There have been numerous attempts to bring US copyright law in line with the rest of the world by adding a full-on performing right as part of the sound recording copyright, which would oblige broadcasters to pay royalties to artists and labels. Record industry lobbying group musicFIRST wrote to the newly appointed Congress in Washington earlier this month again calling for a performing right for recordings.

It seems unlikely the current Congress will move on this issue, even if the music community maintains recent efforts to be vocal on the topic, in both the US and beyond. Of more interest is the slow shift of radio listening to online channels, where royalties are due to labels as well as publishers.

America’s biggest broadcaster, iHeart, continues to push listeners to its online service, which integrates traditional radio programming with a personalised radio and on-demand streaming experience.

While in some ways iHeartRadio now competes with Spotify and Apple Music, you could argue that it is skewed towards a different demographic, and therefore could help grow the subscription streaming market, pulling in a more mainstream audience who currently get most of their music from the radio. In doing so iHeart could help the streaming music market in the US evolve, while also ensuring that an increasing number of radio listeners shift to platforms where artists and labels earn.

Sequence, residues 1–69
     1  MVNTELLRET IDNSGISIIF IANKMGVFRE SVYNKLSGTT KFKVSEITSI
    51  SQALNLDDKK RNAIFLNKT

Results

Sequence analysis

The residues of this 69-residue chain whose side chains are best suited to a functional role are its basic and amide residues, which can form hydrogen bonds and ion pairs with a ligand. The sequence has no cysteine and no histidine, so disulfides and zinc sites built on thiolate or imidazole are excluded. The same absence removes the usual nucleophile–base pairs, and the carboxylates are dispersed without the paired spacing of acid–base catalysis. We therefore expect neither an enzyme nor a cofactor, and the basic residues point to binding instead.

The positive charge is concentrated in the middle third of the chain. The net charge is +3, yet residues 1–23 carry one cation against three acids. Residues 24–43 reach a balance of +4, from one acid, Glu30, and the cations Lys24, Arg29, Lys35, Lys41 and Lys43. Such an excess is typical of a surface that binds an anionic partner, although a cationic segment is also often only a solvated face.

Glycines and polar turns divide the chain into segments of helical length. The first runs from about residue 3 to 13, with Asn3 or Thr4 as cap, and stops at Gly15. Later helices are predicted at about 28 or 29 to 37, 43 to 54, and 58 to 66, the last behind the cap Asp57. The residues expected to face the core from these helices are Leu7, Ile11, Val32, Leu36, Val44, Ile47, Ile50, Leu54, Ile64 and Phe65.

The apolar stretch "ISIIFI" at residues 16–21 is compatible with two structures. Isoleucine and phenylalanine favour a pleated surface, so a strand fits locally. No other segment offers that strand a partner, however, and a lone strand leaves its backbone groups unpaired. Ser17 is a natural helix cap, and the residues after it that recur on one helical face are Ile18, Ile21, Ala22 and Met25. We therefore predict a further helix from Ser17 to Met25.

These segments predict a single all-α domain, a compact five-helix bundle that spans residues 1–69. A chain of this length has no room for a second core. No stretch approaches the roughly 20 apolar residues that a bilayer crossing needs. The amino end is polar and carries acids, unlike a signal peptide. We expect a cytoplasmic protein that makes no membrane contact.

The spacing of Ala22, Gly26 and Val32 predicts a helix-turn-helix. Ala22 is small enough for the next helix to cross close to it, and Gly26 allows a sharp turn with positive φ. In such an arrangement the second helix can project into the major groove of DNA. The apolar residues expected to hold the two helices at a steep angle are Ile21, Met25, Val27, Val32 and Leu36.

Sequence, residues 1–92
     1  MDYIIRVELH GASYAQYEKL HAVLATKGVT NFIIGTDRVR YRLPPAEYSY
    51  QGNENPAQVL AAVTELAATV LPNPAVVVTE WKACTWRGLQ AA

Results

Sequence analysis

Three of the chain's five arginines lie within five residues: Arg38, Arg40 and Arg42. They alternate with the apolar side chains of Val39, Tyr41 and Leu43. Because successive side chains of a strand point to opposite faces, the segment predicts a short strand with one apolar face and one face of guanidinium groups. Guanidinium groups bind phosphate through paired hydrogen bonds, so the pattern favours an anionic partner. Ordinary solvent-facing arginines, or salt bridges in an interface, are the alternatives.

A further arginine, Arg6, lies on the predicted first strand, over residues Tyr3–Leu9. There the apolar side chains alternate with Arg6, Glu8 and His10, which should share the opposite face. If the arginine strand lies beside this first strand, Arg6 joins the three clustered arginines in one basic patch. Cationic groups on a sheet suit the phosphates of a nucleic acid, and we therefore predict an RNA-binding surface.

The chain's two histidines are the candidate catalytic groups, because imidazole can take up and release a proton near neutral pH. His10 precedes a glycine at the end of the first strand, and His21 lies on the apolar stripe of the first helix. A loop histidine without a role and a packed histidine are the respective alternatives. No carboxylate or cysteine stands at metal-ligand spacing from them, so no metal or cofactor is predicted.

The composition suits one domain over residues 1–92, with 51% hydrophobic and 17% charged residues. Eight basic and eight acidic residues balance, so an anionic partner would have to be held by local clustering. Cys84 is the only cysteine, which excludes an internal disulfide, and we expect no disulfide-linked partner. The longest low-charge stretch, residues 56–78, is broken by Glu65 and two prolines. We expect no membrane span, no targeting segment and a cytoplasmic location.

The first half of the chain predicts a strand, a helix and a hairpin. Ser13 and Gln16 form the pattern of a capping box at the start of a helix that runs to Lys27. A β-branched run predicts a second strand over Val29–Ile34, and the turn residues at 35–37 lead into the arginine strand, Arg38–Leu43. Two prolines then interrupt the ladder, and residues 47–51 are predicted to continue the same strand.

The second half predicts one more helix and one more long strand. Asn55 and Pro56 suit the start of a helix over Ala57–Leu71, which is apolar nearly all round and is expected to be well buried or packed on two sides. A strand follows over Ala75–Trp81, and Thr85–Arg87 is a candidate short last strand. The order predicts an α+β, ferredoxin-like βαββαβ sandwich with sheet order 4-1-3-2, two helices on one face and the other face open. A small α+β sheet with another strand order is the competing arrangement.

On the song rights side – where royalties are due from AM/FM stations – all eyes will be on the legal stand off between Irving Azoff’s Global Music Rights and the Radio Music License Committee. By setting up a much smaller ‘performing rights organisation’ to compete with ASCAP and BMI, but not subject to the aforementioned consent decrees, veteran artist manager Azoff hopes to take the deal-making outside the rate courts and into the open market.

The RMLC is crying “monopoly”, despite GMR only representing the works of 73 songwriters, and hopes to force Azoff’s mini PRO to agree to third party mediation on royalty rates, similar to the commitment made by the other smaller PRO in the US, SESAC. Azoff is currently standing firm, and the resulting court case will be interesting to watch.

Meanwhile, back at BMI and ASCAP, the two big PROs continue to fight efforts to force them to offer music users so called 100% licences. It was the music publishing sector’s unsuccessful attempt to reform the draconian consent decrees that resulted in the US Department Of Justice saying that BMI and ASCAP had to operate a 100% licensing system.